Here’s the next in what will be an ever growing series of comments and answers from a legal perspective. You can read the first blog post here.
Usually when thinking about the financial affairs of someone who has passed away, the first thing people think of is inheritance and distributing assets. However, it is also important to consider what happens when a loved one leaves behind minor or significant debts and to understand how they are dealt with.
This post considers different debts that could be left behind by a loved on and how they are deal with both practically and by the law.
What happens to debts when someone dies?
When a person passes away, any debts that they owe are paid out of their estate. Your estate is the name for any money and property that you leave behind. You will only be responsible for the debts of a deceased person if you had a joint loan or agreement or you acted as a guarantor for that person. You will not be held automatically responsible for a partner, spouse or civil partner’s debts.
What makes up a persons estate?
The estate of the deceased is made up of any cash (including from insurance payout), any investments, property and possessions they left behind.
The estate of the deceased person is dealt with by one or more executors – you can appoint a solicitor to be your executor or any family members or friends who you believe would be able to carry out the role.
In the event that the estate is worth over a certain amount, the executor must apply to the court for special permission (known as Confirmation) to enable them to deal with the deceased’s affairs, including paying off any debts.
What happens if there is not enough to pay the deceased’s debts?
Where there is not enough in the deceased’s estate to pay off all of the debts owed, the debts must be paid out in a certain priority order until the money from the estate runs out. Debts must be paid out before anything can be given to people named in the will.
What if I owned a home with the deceased?
If you and the deceased person owned a home together and there is not enough money in the estate to pay the debts of the deceased, you may have to sell your home. The options available to you will depend greatly on whether you owned it jointly with or without an automatic destination to the survivor in the title to the property.
If you are unsure about this, you can speak to a solicitor.
Jointly with no destination to the survivor
This means that in the will, there is no automatic transfer of the deceased share in the property to the person they jointly own the property with.
If this is the case, the share of the property belonging to the deceased person will become party of their estate and go to whoever is mentioned in their Will. However, if there are outstanding debts on the estate, these must first be paid out. In order to avoid the sale of your jointly owned home, you would have to negotiate with those who are owed money by the deceased and find a way to pay the money that is owed to the creditors.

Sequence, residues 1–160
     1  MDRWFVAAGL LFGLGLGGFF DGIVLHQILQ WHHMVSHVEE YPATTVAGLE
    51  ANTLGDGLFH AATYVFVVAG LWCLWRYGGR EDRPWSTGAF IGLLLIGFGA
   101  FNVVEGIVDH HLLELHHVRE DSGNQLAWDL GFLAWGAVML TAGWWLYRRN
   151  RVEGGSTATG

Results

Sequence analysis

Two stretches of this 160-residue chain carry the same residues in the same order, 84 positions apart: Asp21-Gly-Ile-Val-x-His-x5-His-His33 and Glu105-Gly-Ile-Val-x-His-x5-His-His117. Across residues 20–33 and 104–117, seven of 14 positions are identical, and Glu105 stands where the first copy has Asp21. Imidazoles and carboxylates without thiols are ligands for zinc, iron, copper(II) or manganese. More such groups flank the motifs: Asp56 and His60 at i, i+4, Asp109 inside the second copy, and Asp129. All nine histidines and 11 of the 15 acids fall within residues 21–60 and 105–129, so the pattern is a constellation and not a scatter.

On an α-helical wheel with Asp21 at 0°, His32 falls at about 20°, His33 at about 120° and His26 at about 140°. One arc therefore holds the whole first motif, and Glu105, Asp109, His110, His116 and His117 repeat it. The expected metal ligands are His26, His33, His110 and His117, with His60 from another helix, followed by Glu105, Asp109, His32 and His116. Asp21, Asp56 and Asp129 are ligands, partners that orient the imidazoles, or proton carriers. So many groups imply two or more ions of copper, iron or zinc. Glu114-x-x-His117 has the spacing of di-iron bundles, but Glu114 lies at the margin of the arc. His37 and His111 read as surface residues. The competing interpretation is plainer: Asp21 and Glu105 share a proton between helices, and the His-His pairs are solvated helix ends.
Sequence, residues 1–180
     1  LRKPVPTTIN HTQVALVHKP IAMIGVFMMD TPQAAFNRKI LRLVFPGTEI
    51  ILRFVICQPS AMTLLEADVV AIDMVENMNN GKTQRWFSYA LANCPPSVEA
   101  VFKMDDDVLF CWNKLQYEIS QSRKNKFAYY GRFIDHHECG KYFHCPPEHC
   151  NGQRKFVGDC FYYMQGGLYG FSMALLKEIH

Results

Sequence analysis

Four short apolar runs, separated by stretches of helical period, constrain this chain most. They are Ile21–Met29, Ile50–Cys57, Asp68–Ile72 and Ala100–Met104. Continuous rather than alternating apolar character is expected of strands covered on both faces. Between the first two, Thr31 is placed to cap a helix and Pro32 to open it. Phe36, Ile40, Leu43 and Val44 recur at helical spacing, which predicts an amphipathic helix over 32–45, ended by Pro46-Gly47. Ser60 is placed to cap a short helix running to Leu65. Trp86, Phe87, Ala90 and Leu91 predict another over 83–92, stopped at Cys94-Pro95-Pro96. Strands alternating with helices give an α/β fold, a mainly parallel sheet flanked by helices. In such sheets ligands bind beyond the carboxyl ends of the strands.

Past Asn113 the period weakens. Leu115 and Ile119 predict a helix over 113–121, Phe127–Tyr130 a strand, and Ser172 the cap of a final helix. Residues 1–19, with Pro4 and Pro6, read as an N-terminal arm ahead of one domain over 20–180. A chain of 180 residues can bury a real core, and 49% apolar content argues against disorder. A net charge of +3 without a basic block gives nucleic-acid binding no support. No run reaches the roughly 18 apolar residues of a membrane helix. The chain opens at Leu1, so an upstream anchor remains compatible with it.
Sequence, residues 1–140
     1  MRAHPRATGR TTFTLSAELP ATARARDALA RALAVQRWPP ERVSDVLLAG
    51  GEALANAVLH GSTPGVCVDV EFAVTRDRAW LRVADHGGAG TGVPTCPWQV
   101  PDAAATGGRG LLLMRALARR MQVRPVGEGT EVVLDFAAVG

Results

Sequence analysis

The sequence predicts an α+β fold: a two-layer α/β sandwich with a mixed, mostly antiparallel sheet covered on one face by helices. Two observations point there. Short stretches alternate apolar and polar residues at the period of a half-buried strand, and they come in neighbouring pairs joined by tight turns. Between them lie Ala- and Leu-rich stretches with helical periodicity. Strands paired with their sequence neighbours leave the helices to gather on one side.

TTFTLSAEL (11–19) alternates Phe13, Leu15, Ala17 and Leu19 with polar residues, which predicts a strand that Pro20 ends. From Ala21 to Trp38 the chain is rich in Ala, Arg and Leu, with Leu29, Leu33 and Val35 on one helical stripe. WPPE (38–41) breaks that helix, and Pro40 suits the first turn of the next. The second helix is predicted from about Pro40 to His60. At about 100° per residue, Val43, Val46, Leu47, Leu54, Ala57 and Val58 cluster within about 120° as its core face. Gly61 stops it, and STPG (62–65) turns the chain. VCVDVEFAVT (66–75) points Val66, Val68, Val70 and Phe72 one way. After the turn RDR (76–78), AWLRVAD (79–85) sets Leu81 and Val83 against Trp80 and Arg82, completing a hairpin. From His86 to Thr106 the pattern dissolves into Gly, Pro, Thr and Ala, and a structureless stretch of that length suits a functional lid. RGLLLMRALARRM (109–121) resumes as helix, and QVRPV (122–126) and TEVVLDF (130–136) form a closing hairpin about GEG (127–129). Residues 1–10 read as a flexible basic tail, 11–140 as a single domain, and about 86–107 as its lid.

Jointly with a destination to the survivor
Where this is the case, the person’s share of the jointly owned property will automatically pass to you under what is known as a ‘survivorship’ clause.
However, even though the property passes into your possession, the debts still cannot be ignored.
It is possible for creditors to apply for sequestration of the deceased’s estate within 5 years of the debt occurring.
If sequestration is granted, the person appointed as trustee in sequestration can raise an action and ask the court to divide the property and force the sale of the property.
How are other debts paid off?
Mortgages: The mortgage lender may have required life insurance – this could pay off the outstanding mortgage. However, if there is no insurance, or any second mortgages that are not covered by insurance, the property may have to be sold to pay off the outstanding mortgage.
Rent arrears: If you had a joint tenancy with the deceased, you will be responsible for paying off any rent arrears.
Council Tax and Rates: If anyone still lives in the former home of the deceased, they will be responsible for any ongoing charges. However, if the property becomes unoccupied, there may be certain discounts and exemptions availiable. You can check with your local authority to see if any of them apply to the property.
Fuel bills: If you have been living in a property jointly with the deceased, you may be personally liable for any outstanding fuel bills.
Hire purchase agreements: With a hire purchase agreement, the buyer does not own the property until the last payment has been made. On the other hand, if over a third of the payment has been made, the seller will require a court order to get the property back.
Before you return the goods or making any payments, you should check to see if there was a payment protection plan in place.
Personal loans, credit cards and credit debt: If cards are held jointly, any debts will be the joint holder’s responsibility – but check to see if you’re covered by a payment protection plan.
Tax debts and overpaid benefits: Any tax that is owed by the deceased, or any benefits or pension payment that have been made in error, will be paid out of the estae of the deceased.
To avoid overpayment happening, and also to check if any tax is owed, you should contact the relevant office as soon as possible. It is important to keep in mind that the Department of Work and Pensions often makes claims against estates so this is something you cannot simply ignore.
They will check the form lodges with the Sheriff Clerk for Confirmation and will compare this with their own records to assess the means tested benefits received by the deceased.
If they find a discrepancy, they are likely to lodge a claim against the deceased’s estate to recover this. It is a good idea to check whether any benefits or tax is owed before distributing the remainder of an estate if you are appointed as the executor.